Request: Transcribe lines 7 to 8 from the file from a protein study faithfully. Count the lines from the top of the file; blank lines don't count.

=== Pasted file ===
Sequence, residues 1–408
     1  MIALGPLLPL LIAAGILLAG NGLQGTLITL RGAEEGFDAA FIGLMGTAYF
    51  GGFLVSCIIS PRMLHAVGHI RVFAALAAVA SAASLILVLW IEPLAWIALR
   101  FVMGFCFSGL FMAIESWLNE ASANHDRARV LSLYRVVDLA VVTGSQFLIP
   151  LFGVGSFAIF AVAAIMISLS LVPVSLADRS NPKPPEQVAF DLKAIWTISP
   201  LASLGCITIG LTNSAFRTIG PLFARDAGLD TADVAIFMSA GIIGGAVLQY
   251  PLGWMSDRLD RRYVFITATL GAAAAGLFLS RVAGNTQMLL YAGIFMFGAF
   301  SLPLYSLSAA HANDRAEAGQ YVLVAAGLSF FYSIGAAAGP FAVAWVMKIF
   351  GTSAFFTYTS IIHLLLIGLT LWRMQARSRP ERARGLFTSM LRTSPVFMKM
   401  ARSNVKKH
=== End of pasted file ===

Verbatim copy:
   251  PLGWMSDRLD RRYVFITATL GAAAAGLFLS RVAGNTQMLL YAGIFMFGAF
   301  SLPLYSLSAA HANDRAEAGQ YVLVAAGLSF FYSIGAAAGP FAVAWVMKIF